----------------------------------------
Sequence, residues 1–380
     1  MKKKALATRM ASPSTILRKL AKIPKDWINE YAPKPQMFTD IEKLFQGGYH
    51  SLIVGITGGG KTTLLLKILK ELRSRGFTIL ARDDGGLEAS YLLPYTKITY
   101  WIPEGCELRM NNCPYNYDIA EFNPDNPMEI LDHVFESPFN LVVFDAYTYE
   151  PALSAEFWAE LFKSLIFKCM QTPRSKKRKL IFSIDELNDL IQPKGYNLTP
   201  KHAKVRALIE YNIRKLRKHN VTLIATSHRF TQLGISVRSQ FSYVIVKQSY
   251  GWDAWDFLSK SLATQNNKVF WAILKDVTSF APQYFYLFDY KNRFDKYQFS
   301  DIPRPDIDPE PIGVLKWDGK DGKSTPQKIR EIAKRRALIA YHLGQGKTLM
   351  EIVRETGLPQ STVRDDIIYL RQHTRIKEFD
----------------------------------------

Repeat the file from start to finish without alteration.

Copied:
Sequence, residues 1–380
     1  MKKKALATRM ASPSTILRKL AKIPKDWINE YAPKPQMFTD IEKLFQGGYH
    51  SLIVGITGGG KTTLLLKILK ELRSRGFTIL ARDDGGLEAS YLLPYTKITY
   101  WIPEGCELRM NNCPYNYDIA EFNPDNPMEI LDHVFESPFN LVVFDAYTYE
   151  PALSAEFWAE LFKSLIFKCM QTPRSKKRKL IFSIDELNDL IQPKGYNLTP
   201  KHAKVRALIE YNIRKLRKHN VTLIATSHRF TQLGISVRSQ FSYVIVKQSY
   251  GWDAWDFLSK SLATQNNKVF WAILKDVTSF APQYFYLFDY KNRFDKYQFS
   301  DIPRPDIDPE PIGVLKWDGK DGKSTPQKIR EIAKRRALIA YHLGQGKTLM
   351  EIVRETGLPQ STVRDDIIYL RQHTRIKEFD